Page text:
Council getting creative to make building lot

Tia Lynn Ivey News

Leon Peters was hoping to get a variance approval that would allow him to subdivide his property on Pearl Street in order to build a house that would add “workforce housing” to the neighborhood. Workforce housing is a term for homes that are affordable to the average worker. The City has long identified the lack of workforce house.

While the council could not approve Mr. Peters’ variance request, due to concerns of broader negative precedents it could set throughout the entire city, the council vowed to find a way forward to allow the new house to be built.

“I think you need to look at all the consequences and unintended consequences of this,” cautioned City Manager David Nunn. “If you do it once, then someone has a fairly decent argument that you can do it again. These are hard decisions and they are not that easy to understand. A variance is a way to get around what the rules are, at least that’s what a lot of people think, but zoning is about the rules and not about the fine man that is asking for it,” said Nunn, who praised Peters for his work in the community.

A local Morgan County Middle School teacher is already preapproved to purchase the home proposed by Peters once it is built. Peters had requested a reduction in lot size requirements on two tracts of land. According to City staff, “The Applicant requests a variance to reduce the minimum lot area of Tract A from 0.25 acres to 0.21 acres, a variance of 0.04 acres; and a variance to reduce the minimum lot area of Tract B from 0.25 acres to 0.17 acres, a variance of 0.08 acres.”

“I understand what the rules and regulations are,” said Peters to the council. “But it s our community and its interest to try to provide a workforce home, if we can…There are several lots on that street that are smaller than what we are trying to be. We are not trying to change the precedent of what is already over there.”

Peters also noted the surrounding community is in favor of the house being built.

The council was in agreement that workforce housing is a vital need in the community that is severely lacking, but was unsure of the best way to secure it in this case.

“I love you like a brother,” said Councilman Joe DiLetto. “I had heartburn about this thing right here. I would support this based on the pure need you fulfill in the area alone.”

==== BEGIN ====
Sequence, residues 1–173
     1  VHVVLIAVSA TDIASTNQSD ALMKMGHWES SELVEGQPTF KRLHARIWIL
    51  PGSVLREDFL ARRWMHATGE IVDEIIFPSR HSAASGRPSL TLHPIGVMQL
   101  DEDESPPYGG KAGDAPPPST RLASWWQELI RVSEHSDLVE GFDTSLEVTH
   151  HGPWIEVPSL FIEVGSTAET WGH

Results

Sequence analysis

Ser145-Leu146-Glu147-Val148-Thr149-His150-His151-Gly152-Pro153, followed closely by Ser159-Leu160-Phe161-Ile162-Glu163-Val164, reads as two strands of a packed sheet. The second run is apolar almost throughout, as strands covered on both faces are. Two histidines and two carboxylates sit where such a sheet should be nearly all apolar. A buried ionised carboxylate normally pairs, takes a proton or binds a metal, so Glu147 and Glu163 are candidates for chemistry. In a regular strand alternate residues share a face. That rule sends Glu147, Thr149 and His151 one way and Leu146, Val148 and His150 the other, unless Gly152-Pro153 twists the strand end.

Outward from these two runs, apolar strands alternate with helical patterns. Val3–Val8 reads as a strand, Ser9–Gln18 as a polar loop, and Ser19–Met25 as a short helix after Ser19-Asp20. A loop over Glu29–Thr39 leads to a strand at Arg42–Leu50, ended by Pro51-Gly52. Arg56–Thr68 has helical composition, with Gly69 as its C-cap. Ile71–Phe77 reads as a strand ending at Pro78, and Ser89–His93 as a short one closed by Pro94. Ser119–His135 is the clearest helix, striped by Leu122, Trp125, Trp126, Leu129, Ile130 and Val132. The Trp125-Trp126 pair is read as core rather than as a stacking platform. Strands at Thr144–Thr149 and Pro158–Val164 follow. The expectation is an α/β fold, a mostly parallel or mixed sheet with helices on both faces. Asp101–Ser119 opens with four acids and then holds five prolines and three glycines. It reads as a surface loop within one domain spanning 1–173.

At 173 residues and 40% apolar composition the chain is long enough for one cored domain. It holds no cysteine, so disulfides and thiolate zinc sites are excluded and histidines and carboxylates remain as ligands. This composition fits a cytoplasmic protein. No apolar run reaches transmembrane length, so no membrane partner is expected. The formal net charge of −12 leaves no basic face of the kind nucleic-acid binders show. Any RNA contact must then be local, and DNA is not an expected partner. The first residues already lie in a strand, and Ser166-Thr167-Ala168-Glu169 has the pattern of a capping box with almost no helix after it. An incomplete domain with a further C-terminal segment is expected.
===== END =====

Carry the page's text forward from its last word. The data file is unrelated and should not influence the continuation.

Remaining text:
“Sometimes it’s tough,” said Madison Mayor Fred Perriman. “I thought about this change and I thought about the needs in our community. We just don’t have adequate housing to supply the needs of our people.”

City Planner Monica Callahan suggested a solution that would be narrower in scope than approving a variance request that could yield unintended consequences with other applicants down the road.

Callahan suggested updating the Urban Renewal Policy and designating the area as a specific site to cultivate more workforce housing.

“If the interest in workforce housing is what wets your whistle, you could set a workforce housing goal that serves a bigger public purpose,” said Callahan. “I would suggest looking into that. It would be less trouble citywide.”

According to Callahan, if the city went that route, they could set up alternate standards for the designated area that would bypass the current lot size requirements.

“It would benefit the entire area,” said Councilwoman Chris Hodges.

The council discussed the possibility of both approving the variance and exploring rezoning the entire area in order to accommodate workforce housing opportunities, but in the end, the variance was denied in a 3-to-1 vote.

“Mr. Peters, is in my opinion, is one of the good guys. He is a real asset to the Canaan Neighborhood and to Morgan County as a whole,” said Councilman Eric Joyce. “But I’m faced with a staff report that leaves Mr. Peters application short on every one of the standards necessary…this just seems like a slippery slope. I realize there is a lot of precedent over there for smaller lots, but I don’t think we need to be breaking our rules to make even more of them.”

The council promised to revisit the issue at the next regular meeting to vote on creating a special zone that would allow Mr. Peters to move forward with building the new house.

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